1. Connor_D

    Connor_D New Member

    Dec 6, 2011
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    Useful/ Fun Creative Writing Exercises?

    Discussion in 'Research' started by Connor_D, Dec 6, 2011.

    Hi everyone,

    I am a teacher who is looking to set up a creative writing group for the kids in my school. I've been looking around on the internet for ideas for fun things I can do with them that can also improve their writing (both poetry and prose) and was wondering if any of you had any ideas.

    The kids are 11-16 years old and not necessarily hugely into creative writing which I why I want to make the exercises as fun, and as little like classwork, as possible.

    I would welcome any ideas that anyone had.

    Thanks a lot!

  2. FoxPaw

    FoxPaw New Member

    Nov 11, 2011
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    You could try the Round Robin approach.

    Student sit in a select number (five, for example). Student starts up stories and write for a set amount of time. Then when the time's up, they pass their paper one person to the right, and then that student continues the story however they want, adding whatever they want. This continues until it's passed back to the original owner and they get to read what everyone's written for their story.

    Good luck with your student creative writing group! I wish I had that back in my school. =)
  3. Yoshiko

    Yoshiko Contributor Contributor

    Jun 14, 2009
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    In my last year of high school I had a creative writing class every Tuesday and one day we were given this as an exercise:

    Everyone took a sheet of A4 paper and at the very top they wrote a setting. Then they fold the top of the sheet of paper just a little bit so it was covered and they would pass it to the next person who would make up a main character and then that would be folded too. Then they would pass it on and they would write a second character and then fold it over. Then they would pass it onto the next person who would write their relation and fold it again. The next person would write the conflict and... etc. This would continue until the teacher felt we had enough to work with (I think we had 6~8 points in total but I can't remember what they were now). At the end the papers were mixed up and each person was given one and we had to write a short story of no more than 4,000 words with it.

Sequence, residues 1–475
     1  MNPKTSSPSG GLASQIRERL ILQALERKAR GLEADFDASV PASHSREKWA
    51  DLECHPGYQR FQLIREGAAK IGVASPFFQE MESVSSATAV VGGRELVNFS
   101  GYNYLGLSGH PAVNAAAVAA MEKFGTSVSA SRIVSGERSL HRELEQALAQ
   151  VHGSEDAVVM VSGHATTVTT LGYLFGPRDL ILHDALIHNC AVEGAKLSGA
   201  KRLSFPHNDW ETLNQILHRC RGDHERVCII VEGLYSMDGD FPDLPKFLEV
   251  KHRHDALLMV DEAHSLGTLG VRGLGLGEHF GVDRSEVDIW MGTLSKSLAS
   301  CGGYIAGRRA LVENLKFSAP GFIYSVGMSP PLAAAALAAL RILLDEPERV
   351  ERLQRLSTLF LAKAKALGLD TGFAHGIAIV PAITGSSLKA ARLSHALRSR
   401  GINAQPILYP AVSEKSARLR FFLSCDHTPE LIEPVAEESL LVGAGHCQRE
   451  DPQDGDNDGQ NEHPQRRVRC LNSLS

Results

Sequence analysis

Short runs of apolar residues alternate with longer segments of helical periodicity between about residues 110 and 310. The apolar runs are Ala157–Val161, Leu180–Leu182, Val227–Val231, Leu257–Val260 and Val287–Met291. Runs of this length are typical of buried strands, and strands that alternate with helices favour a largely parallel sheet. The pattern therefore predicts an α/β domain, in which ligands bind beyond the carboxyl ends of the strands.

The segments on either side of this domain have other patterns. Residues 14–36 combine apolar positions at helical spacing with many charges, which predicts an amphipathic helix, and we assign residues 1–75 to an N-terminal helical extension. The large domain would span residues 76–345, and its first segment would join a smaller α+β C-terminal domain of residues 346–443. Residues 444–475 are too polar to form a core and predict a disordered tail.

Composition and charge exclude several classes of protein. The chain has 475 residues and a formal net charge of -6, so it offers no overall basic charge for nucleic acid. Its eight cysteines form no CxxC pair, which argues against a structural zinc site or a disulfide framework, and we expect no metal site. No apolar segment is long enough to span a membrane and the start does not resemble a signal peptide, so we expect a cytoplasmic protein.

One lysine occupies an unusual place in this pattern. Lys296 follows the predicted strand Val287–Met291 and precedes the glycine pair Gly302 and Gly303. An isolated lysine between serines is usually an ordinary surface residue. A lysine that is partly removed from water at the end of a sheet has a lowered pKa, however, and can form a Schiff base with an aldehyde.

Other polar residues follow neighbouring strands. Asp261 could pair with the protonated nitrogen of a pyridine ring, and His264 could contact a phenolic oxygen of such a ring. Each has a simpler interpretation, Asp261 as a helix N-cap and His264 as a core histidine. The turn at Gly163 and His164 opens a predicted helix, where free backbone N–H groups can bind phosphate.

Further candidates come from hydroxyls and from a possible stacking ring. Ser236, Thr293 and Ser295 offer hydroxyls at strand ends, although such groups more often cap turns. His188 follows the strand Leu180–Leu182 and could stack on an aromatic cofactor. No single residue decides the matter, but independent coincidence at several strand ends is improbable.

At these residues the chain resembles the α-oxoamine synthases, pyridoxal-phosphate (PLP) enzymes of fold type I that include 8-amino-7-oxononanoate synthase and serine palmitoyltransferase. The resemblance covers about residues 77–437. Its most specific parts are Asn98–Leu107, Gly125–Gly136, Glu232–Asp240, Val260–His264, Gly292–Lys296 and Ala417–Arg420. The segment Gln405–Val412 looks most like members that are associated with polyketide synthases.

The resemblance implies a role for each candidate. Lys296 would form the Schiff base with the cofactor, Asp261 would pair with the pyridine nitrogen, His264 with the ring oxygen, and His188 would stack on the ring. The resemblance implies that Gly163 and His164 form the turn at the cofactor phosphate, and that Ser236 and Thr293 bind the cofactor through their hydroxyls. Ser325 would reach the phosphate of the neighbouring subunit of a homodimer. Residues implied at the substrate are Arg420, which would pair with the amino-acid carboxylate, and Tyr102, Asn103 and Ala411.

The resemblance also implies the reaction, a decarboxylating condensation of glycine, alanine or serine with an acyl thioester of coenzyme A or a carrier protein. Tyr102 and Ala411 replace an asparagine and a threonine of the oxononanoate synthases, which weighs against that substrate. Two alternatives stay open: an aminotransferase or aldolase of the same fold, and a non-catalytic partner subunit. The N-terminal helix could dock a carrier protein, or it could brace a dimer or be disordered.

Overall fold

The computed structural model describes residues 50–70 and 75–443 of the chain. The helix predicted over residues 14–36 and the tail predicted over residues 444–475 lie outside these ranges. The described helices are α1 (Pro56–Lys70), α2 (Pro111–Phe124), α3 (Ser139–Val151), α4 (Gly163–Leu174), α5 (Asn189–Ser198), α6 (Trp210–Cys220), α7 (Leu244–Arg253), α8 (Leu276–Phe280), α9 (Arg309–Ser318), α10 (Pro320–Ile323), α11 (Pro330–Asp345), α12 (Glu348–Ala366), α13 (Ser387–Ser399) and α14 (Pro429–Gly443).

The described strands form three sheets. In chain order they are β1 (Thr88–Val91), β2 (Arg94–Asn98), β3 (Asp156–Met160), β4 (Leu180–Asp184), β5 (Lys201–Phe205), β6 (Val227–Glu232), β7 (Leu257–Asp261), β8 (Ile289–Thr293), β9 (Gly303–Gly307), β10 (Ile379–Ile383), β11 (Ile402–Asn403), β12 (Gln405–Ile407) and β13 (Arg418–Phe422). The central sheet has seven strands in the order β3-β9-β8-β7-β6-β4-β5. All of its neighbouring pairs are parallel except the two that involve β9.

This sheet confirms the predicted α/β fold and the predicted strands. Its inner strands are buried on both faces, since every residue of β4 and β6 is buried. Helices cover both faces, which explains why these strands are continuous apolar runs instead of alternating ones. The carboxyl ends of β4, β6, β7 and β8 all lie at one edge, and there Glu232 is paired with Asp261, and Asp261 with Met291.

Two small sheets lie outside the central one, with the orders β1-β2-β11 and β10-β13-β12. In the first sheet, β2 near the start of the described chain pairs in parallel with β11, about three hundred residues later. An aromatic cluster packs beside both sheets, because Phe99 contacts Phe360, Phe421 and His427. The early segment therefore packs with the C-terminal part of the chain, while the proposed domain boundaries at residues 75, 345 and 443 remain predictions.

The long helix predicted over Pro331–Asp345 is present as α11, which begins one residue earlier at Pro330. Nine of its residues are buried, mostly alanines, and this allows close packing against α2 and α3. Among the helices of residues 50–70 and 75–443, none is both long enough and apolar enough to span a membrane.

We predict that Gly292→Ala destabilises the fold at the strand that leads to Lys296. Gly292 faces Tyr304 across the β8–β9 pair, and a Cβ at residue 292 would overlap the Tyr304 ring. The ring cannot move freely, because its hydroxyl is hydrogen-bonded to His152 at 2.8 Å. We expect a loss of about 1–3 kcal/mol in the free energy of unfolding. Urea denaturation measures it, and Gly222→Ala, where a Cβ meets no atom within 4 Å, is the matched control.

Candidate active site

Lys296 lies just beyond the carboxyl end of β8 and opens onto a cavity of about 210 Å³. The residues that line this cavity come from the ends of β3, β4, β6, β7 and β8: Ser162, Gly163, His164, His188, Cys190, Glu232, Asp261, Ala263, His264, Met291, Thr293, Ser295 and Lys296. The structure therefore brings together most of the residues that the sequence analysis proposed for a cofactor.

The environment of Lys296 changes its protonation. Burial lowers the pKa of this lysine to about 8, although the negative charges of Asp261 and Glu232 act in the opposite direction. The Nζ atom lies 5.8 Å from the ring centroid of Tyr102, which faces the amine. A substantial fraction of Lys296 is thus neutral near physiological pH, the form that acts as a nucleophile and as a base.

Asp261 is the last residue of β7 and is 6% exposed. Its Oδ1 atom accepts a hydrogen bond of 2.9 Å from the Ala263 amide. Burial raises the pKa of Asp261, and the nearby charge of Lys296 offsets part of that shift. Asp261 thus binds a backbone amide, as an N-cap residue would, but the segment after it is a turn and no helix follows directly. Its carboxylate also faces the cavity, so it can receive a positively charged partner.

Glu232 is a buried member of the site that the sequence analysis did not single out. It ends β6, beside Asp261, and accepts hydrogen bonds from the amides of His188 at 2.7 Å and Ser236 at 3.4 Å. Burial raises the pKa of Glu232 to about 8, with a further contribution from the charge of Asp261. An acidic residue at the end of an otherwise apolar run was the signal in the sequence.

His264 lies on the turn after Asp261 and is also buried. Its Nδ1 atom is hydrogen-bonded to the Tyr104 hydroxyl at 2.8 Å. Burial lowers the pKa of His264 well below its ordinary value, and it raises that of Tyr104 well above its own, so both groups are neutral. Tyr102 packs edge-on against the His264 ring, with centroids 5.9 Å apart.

I still have my story (it was 3,990 words in total) but no longer have the sheet I worked from. The setting was an abandoned boxing gym, it had to be set at night, the conflict was a house fire, the two characters were both middle-aged men (who were friends) and a black cat had to be present. It was a fun excercise and I imagine some of the stories produced were hilarious: one story's second character had to be one of our more robust male classmates dressed in the typical French maid attire. :p
  4. picklzzz

    picklzzz New Member

    Oct 22, 2011
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    I read something recently - I forget where - about someone who gives speeches to motivate those of all ages to write. He asks the audience (and the example he gave was kids around the ages you teach) for a topic. The class took a vote. He kept asking leading questions, and the whole class eventually forms the beginning of a story, along with the setting, character, mood, etc... Have students write it from memory, embellishing it, and then have them get into groups to compare. It would be interesting to see how each person treats the story differently. You can lead them to certain things, or bring in discussion of setting, character development, impossible situations, what would interest readers, etc... Sounds like fun. I wish I taught writing sometimes! I teach math, by the way. At the level I teach, there's little time for creativity, and I really enjoy that. Oh well - math is fun too!

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